Staying Sane While Working From Home With Kids

By Joannie DeBrito, Ph.D., LCSW, LMFT
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Mom working at home with kids
These eight tips can help create a successful and less stressful environment for you and your kids while you are working from home.

Working from home comes with its own set of challenges. It’s important to have a quiet space where you can work, minimize distractions, set a routine, and focus on your goals for the day. Working from home with kids can add a new dynamic to your job. When our kids are on extended breaks from school and are sharing the same space, distractions can come more easily which can impact our productiveness.

When you are working from home, you may have goals that you need to accomplish that day. However, it’s unrealistic to think that your kids will comply with the goals you have. So how do you find that sweet spot, where you are able to reach your goals and still respond well to your kids?

Here are eight tips for staying sane and keeping your kids happy while working at home:

1. Schedules

Think about your kids’ schedules. When are they likely to need your attention the most? Plan your day to work when they don’t need you as much. If they are too young to keep themselves busy while you’re working, you may need to plan to work around their routine. You may need to plan to work before your kids wake up, then take a break during the most active hours of the day and return to work after they go to bed.

2. Make a Plan

Plan out what each day’s schedule should look like. Communicate this plan to your children and tell them that you will have to work together as a family to keep on schedule, so that you can get your work done and they can stay on task with their schoolwork. Write down the schedule. You may even want to have your kids help you decorate it. Post the schedule where it can easily be seen and follow it as closely as possible.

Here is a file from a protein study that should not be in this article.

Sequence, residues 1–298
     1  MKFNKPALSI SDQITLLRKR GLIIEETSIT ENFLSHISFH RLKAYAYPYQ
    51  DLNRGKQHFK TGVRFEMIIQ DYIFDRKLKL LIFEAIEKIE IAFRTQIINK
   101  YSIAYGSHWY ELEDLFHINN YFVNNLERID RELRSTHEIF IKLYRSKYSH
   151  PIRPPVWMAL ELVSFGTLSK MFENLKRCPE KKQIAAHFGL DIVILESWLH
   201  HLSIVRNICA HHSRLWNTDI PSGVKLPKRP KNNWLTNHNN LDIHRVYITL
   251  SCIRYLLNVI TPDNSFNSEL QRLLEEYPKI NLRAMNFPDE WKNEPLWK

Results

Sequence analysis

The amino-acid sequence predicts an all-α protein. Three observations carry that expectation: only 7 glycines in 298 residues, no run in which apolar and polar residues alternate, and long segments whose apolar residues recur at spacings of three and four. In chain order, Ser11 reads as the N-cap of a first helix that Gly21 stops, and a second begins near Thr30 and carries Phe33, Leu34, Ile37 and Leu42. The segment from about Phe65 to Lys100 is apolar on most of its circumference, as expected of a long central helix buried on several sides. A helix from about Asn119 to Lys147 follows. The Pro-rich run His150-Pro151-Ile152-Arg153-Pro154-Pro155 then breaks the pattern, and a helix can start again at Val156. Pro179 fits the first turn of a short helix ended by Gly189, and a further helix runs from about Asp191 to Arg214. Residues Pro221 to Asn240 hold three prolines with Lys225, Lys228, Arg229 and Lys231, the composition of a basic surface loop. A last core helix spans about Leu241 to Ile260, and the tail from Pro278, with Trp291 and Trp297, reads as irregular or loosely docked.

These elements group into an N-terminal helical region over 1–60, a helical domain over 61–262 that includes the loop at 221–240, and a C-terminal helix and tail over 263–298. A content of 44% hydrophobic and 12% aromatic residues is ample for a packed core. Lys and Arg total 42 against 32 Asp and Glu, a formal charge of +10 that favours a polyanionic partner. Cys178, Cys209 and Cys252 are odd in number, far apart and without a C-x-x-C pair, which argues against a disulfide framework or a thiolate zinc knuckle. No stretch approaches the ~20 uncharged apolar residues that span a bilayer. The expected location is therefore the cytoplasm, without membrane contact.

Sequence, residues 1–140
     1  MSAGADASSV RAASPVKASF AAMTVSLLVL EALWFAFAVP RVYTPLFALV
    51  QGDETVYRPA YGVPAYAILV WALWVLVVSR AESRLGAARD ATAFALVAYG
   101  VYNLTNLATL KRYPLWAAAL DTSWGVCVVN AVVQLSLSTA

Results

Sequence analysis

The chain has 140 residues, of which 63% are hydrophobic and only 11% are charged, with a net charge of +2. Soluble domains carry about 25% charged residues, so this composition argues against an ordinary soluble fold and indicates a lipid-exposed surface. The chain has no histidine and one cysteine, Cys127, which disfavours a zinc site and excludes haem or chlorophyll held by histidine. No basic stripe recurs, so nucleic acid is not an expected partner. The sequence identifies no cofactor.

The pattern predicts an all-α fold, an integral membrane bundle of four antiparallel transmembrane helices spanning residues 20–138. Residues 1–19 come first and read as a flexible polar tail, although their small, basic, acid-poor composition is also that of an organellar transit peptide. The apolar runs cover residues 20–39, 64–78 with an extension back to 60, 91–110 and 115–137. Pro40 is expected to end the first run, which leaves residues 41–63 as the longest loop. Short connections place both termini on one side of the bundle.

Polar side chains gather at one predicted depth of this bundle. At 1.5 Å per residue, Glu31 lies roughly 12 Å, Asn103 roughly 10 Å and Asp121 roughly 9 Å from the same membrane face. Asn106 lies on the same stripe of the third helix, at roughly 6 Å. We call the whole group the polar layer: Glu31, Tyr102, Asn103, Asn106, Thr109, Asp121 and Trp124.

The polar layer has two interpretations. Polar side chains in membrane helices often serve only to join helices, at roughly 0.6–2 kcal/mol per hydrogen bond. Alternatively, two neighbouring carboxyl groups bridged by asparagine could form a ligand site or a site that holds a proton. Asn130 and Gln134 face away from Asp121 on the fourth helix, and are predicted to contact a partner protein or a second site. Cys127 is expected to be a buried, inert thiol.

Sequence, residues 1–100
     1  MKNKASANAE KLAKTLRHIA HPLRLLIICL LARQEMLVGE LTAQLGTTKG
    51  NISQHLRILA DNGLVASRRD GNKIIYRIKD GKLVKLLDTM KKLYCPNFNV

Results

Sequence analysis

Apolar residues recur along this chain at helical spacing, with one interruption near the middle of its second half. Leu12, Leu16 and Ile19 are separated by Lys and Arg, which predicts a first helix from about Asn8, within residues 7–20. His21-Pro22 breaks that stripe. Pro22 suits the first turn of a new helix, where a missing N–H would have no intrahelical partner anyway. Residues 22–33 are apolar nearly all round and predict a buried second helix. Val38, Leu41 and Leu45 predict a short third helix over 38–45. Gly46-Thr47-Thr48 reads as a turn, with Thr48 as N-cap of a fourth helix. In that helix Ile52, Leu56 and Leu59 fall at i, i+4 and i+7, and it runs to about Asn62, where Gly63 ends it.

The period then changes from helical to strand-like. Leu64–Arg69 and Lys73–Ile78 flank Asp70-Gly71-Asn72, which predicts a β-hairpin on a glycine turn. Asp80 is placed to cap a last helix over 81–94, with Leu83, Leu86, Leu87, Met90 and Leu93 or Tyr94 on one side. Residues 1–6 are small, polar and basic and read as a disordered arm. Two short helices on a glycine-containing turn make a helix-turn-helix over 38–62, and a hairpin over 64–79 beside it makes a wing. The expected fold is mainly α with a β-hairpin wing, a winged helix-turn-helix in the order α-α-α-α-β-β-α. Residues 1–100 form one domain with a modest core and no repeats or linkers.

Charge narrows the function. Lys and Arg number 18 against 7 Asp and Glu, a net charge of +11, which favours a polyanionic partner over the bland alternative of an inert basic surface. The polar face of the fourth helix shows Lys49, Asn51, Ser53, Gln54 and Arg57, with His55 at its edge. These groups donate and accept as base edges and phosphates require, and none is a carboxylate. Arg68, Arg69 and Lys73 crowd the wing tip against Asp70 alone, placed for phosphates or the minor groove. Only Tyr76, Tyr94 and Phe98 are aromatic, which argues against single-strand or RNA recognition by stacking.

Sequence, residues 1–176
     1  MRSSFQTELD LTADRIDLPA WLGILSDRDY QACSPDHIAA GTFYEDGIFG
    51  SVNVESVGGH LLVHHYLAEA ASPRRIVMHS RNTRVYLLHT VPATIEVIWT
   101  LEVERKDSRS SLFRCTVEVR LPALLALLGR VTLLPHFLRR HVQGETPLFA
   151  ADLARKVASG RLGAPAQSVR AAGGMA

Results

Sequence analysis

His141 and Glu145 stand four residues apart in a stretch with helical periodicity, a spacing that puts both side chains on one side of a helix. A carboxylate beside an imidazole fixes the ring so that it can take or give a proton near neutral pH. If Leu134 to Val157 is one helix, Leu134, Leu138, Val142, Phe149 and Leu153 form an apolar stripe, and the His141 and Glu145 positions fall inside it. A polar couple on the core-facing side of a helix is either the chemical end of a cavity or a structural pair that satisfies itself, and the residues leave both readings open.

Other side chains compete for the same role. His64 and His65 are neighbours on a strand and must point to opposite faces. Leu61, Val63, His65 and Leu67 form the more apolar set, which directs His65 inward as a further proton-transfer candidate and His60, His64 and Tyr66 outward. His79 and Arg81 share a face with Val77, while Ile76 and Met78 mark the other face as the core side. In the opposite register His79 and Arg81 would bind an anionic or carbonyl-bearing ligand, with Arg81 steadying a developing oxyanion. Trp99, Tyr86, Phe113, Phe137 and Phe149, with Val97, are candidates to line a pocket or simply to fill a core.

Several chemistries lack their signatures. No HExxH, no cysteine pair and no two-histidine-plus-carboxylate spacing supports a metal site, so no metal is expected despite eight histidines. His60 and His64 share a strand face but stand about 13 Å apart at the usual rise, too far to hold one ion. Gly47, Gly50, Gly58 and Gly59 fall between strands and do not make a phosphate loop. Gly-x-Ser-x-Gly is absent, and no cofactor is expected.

3. Regular Breaks

Tell your kids that you’re going to take regular breaks each hour and stick to them. During break times, turn your attention to your children. Engage with them and, at the end of the break, remind them that you’ll be going back to work for just a little while and will join them again next hour. This may sound like a difficult thing to do, but kids who are old enough to work independently can usually focus for about 45 minutes at a time. If not, your kids should be able to work alone for a half hour. Try one of these two schedules throughout the day:

  • 45 minutes of work with a 15 minute break or
  • 30 minutes of work with a 5-7 minute break.

Using a timer might help kids keep track of when you’re working and when you’ll be taking a break.

4. Remember Recess

Remember that for elementary age kids, recess is a regular and necessary part of the schedule. The kids are not expected to be in the books all day. Give them permission to go outside or engage in some vigorous indoor activities. Do the same for your older kids. They also need time to release the energy that builds up when they’ve been sitting for long periods of time. Remember that you need to get away from your desk too! Working from home with kids provides a great opportunity to join them! Play is a great way to bond with your children and get the blood flowing. Recess is a great thing to do during the times of day when you tend to be least productive. Recognize that you’re not going to get much quality work done during that time and use the time to get some exercise instead.